Most country music fans would argue that there "is nothing better" than Montgomery Gentry. The duo has become so popular that they now enjoy the same kind of star treatment that Kentucky basketball players do - or maybe even more.
They already have a 20-city tour with Trace Adkins scheduled to begin Feb. 3 that will take them across the country again.
Never doubt they are Big Blue fans
But never doubt that they are Big Blue fans. They were approached here Thursday about possibly singing the national anthem when Kentucky hosts Kansas Jan. 9 in a national televised game.
Jennifer Lemaster, marketing and special events director at Kentucky, brought both singers a Kentucky jacket along with one for Adkins, who will also be part of tonight's show.
"There's nothing I would like more, especially because then I could stay and watch Kentucky kick Kansas," Montgomery said.
He also had one other request if his schedule permits him to be at the game. He asked if he could sit with actress Ashley Judd if she is also there.
"Who wouldn't want to do that?" Montgomery asked.
Gentry, like Judd, went to Kentucky. He played on the lacrosse team for about two years before a separated shoulder ended his sports career.
"That shoulder made it a little difficult to hold a guitar, so I have to give up lacrosse, which was a club sport, and get back on the stage," he said. "I can joke now that I was on the long plan at UK. I started at LCC (Lexington Community College) and got my two-year degree in science and then went to UK to finish up."
He never did finish at Kentucky, but his musical career sky rocketed after he teamed with Montgomery. However, as much as they love their music, they also share the same passion for sports.
"I went to as many Kentucky football and basketball games as I could when I was in school," Gentry said. "I enjoyed just how the people hung out and had a good time. I still wish I could go to games.
Montgomery's only regret was wearing Browns sweatshirt
Montgomery had on his Boyle County football hat and put on the UK jacket after receiving it Thursday. His only regret was that he was wearing his Cleveland Browns sweatshirt - which he had when his friend, Tim Couch, was still playing there - for a television interview.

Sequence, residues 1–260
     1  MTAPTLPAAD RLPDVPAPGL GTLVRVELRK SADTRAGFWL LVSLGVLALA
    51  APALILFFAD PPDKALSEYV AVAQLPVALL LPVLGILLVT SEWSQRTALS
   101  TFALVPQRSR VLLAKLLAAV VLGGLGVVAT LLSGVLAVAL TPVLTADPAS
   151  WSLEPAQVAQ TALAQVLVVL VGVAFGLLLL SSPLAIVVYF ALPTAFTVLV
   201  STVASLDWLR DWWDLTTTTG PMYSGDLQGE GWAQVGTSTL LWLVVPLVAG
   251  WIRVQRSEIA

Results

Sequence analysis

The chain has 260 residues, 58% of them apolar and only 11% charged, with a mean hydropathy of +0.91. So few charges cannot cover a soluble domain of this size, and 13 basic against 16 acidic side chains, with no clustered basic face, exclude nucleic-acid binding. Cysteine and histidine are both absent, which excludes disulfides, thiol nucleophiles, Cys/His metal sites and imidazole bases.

"I should have put on my Bengals or Kentucky shirt," he said.
Gentry now lives in Tennessee, but he still checks the Kentucky scores as regularly as Montgomery. He also likes the occasional basketball game he gets to play on road trips against other singers such as Toby Keith, Tim McGraw and Kenny Chesney.
"They are all big basketball fans and we just put up a goal and play," Gentry said. "I love the sport of basketball. I wish I could have been a little better and could have played in college and had a longer career. Still, even now it's a good way to get away from the back stage scene, release some energy, get some exercise and have fun."
Montgomery has a new tour bus, but he still has not been able to get the satellite TV system he wants installed that will allow him to pick up Kentucky games no matter where he is.
"I wish they had the high school games on, too," he said. "I miss not knowing how Boyle County and Danville are doing when I'm on the road."
Gentry says it is not unusual for the two to tape a game if it conflicts with a show so they can watch it later. "We've also been known to catch part of a game right before we go on stage or as soon as we get off," Gentry said.
Several UK athletes likely to attend
They don't have any conflicts tonight. There likely will be several UK athletes in the sold-out arena - Kentucky quarterback Shane Boyd plans to keep a midseason promise to come to his first country concert - along with the thousands of Montgomery Gentry fans.
"We are going to make Rupp rock just like it does for the Wildcats," Montgomery said before rehearsal started.
Gentry agrees, but also knows his mind might temporarily think back to his childhood dream.
"I certainly can't complain about my career, but it's fun to get back to UK and Rupp Arena because it brings back a lot of memories from going to the games and also to the days when I was sure I would one day be a Wildcat myself," Gentry said.